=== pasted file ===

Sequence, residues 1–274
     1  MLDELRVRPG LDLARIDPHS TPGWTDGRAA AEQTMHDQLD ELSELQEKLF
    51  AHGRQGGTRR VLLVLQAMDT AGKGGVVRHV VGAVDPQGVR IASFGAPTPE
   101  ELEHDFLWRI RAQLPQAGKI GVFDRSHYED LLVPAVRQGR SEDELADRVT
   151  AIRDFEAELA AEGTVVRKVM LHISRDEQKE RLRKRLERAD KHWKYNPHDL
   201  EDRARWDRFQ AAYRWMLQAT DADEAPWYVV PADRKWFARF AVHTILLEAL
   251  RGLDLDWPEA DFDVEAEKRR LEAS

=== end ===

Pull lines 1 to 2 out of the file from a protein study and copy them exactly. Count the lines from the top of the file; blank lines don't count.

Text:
Sequence, residues 1–274
     1  MLDELRVRPG LDLARIDPHS TPGWTDGRAA AEQTMHDQLD ELSELQEKLF